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Catalogue Number
Release Date
July 6, 2018

Two years on from her critically acclaimed, self-titled debut, Polish cellist Resina (aka Karolina Rec) returns with her sophomore album for FatCat’s influential 130701 imprint. A less fragile, far more immediate album, ‘Traces’ sees the Warsaw-based artist working a sound which moves closer towards the listener, with increased visceral weight. It’s a bold, dynamic and assured step forward and an album fully deserving of your attention.

Whilst much of the material on ‘Traces’ was again captured via her favoured method of fully live recording (the debut comprised almost entirely of single live takes), this time Karolina’s primary focus lay in achieving specific states and emotions, in working on the precision and detail of composition, rather than insisting on the purity of live recording. Certain parts were recorded and built-in separate takes with a degree of post-editing. Finding her own way to use the looper, Karolina’s tracks are forged entirely from acoustic sources. She begins by finding a set of interesting sound structures – sometimes built from twenty or more layers of cello – as building blocks for each composition. Looped, processed and layered with increased dynamism, on ‘Traces’, the cello moves from discrete chamber intimacy to shimmering ambient miasmas and more urgent, full-blooded tracks that reach out and grab you. There are points of delicate beauty and moments where everything seems about to melt into chaos. Whilst Karolina’s voice appeared only briefly (to stunning effect) on her debut’s final track, this time around it assumes much greater prominence, featuring on almost half the album’s tracks. Non-verbal, her vocals function as a beautiful, haunting textural layer, conjuring a sense of near sacred purity and longing. Besides the looped and layered sounds/ rhythms coaxed from cello and voice, ‘Traces’ expands her palette with contributions from drummer/percussionist Mateusz Rychlicki adding body and drive on a number of tracks.

‘Traces’ was recorded in December 2017 at renowned Polish producer/ musician Maciej Cieślak’s studio in the Wola district of Warsaw. One of the city’s uglier areas, Wola was massively devastated during the last war, being the site of both the Jewish ghetto and Warsaw Uprising. During the album’s production, the pair often discussed palpably feeling some heavy, dark energy of the place, something of which has doubtless leaked into the album. Drawing upon some dark and timely themes and finding grounding in the worrying/unstable era in which we find ourselves, its title refers to the observing of memories, remnants surviving violence or the ravages of time, and parts missing or disfigured.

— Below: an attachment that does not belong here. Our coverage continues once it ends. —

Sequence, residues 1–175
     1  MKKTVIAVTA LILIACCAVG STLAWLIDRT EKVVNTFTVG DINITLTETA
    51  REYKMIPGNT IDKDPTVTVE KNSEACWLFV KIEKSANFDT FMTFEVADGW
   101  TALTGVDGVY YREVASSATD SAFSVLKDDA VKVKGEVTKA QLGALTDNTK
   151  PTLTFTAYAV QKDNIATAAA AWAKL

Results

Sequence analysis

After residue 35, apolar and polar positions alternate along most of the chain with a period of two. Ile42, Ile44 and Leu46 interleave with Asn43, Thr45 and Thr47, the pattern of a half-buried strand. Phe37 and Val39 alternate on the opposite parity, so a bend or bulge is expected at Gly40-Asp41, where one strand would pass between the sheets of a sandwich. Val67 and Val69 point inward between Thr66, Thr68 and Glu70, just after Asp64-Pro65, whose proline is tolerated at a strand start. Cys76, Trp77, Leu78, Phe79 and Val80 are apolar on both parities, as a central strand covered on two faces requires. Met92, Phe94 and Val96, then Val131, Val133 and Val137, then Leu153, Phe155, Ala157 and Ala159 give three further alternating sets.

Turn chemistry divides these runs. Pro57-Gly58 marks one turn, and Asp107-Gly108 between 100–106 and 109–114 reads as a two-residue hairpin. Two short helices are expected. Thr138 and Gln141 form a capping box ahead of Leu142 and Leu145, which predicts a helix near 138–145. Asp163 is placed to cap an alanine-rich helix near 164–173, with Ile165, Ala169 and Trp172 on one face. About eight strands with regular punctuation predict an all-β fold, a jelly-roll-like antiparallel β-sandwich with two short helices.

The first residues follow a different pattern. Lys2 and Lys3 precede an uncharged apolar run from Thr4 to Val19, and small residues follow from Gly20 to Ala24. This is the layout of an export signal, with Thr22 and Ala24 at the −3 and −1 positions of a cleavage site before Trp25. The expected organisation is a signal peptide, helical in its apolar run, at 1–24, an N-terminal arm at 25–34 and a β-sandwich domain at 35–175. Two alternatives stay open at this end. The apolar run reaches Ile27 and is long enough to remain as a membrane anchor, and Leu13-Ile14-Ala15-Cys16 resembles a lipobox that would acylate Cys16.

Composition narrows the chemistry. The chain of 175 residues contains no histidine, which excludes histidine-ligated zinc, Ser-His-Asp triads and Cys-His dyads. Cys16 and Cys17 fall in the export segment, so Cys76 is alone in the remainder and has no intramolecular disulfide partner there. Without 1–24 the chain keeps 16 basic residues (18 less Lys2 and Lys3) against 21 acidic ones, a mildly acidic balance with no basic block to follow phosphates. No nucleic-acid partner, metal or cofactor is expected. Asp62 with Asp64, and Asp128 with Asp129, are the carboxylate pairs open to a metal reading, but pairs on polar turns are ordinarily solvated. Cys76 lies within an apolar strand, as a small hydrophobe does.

The album’s cover features one of Karolina’s photographs and was directly inspired by the work of Polish photographer Stanislaw Kolowca’s pictures of a 15th-century altarpiece in St. Mary’s Basilica, Kraków – the world’s largest Gothic altarpiece and a Polish national treasure. Kolowca photographed the altar during its renovation, both before and after the Second World War. In a secondhand bookstore, Karolina discovered a rare album of these works and immediately felt the resonance of the pictures as something special and close to the atmosphere of the album. The use of the image also stems from Karolina’s obsession with decayed or vandalised religious iconography. “For some time, I’d been finding and photographing ‘mutilated’ sacred sculptures and other damaged religious artifacts”, she notes. “At first, this happened accidentally and unconsciously, then I began to intentionally seek out such places and objects: like the statue in the National Museum in Gdańsk of St. George without hands killing a headless dragon; or Win Sein Taw Ya, the world’s largest reclining Buddha statue which remains unfinished in Myanmar. I had the impression that all of these – sometimes spectacular and absurd – defects violently revealed a kind of ambiguity which in other conditions would not be noticeable.”